Upper GI endoscopy may also help with the diagnosis. The diagnosis is often made when there is distortion of the proximal gastric anatomy and difficulty with intubation of the stomach and pylorus. During the later stages, one may observe frank mucosal sloughing, ulceration or even necrosis.
When acute GV is diagnosed or highly suspected, urgent surgical intervention is needed. The appropriate surgery is to perform emergency cholecystectomy. Cholecystectomy can be done using open or laparoscopic approaches. The crucial steps during the cholecystectomy involve decompression and derotation of the gallbladder to obtain a clear view of the anatomical structures. Careful and meticulous dissection of the anatomical structure is essential because biliary structures such as the bile duct will be abnormally placed because of the torsion, making it susceptible to iatrogenic injury. The outcome for this condition is excellent when emergency surgery is done, Any delay in surgical intervention can result in infarction and necrosis of the gallbladder which can then lead to bilious peritonitis and increase morbidity and mortality rate.
GV or torsion of the gallbladder is a rare condition. It presents a challenge for early diagnosis preoperatively, despite advances in imaging and laboratory investigation. A high index of suspicion in all elderly patients presenting with symptoms suggestive of acute or non-resolving symptoms of cholecystitis will enhance early diagnosis, especially when gallstones are absent. The best patient outcome is achieved with the early use of diagnostic imaging and prompt surgical intervention for removal of the gallbladder. The surgeon's alertness to consider the possibility of this diagnosis will avoid treatment delays that may result in a fatality.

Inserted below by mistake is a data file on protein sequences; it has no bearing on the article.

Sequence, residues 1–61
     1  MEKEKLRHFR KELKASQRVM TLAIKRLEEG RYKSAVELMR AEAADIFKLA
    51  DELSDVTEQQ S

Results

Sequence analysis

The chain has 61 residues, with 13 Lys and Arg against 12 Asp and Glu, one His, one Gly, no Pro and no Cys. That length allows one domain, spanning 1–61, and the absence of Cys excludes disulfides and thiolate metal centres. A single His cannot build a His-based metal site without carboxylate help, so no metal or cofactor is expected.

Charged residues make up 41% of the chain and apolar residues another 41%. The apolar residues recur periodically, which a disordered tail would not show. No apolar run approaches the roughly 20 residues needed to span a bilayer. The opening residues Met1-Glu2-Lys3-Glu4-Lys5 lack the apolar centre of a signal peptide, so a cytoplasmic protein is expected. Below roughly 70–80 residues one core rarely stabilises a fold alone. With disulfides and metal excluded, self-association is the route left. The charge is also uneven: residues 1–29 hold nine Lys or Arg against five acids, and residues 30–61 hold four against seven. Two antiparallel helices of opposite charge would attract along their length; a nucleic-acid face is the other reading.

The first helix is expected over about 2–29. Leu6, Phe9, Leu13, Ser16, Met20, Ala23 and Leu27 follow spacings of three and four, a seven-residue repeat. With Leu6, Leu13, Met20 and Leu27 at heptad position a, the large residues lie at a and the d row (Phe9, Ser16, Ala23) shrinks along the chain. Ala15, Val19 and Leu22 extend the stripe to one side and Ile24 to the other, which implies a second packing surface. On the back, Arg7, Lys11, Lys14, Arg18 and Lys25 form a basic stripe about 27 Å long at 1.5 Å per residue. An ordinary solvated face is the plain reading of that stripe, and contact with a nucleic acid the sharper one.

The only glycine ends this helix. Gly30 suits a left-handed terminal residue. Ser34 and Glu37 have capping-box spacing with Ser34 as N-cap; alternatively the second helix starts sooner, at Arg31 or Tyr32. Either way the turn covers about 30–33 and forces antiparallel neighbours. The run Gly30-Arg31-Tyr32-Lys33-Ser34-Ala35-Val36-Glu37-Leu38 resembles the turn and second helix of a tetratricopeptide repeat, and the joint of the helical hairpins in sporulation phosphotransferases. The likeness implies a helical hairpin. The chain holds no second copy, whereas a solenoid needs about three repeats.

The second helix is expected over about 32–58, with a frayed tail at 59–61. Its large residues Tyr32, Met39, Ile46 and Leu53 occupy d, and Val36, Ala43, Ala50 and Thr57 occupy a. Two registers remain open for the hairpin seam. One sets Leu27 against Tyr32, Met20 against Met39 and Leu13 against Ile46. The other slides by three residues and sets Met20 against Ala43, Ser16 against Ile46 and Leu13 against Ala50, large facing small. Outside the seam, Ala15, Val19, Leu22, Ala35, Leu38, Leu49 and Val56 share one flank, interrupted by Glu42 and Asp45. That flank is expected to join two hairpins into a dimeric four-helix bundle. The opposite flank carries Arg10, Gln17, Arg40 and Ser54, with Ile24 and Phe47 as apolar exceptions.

GV is a rare surgical emergency that is best managed by an interprofessional team that includes a general surgeon, radiologist, emergency department physician, specialty nurses, and an internist. As soon as the diagnosis is made, the general surgeon must be notified as this pathology requires immediate surgery. The majority of patients are elderly with comorbidities and should be monitored by ICU nurses.
The outcome for this condition is excellent when emergency surgery is done, Any delay in surgical intervention can result in infarction and necrosis of the gallbladder which can then lead to bilious peritonitis and increase morbidity and mortality rate.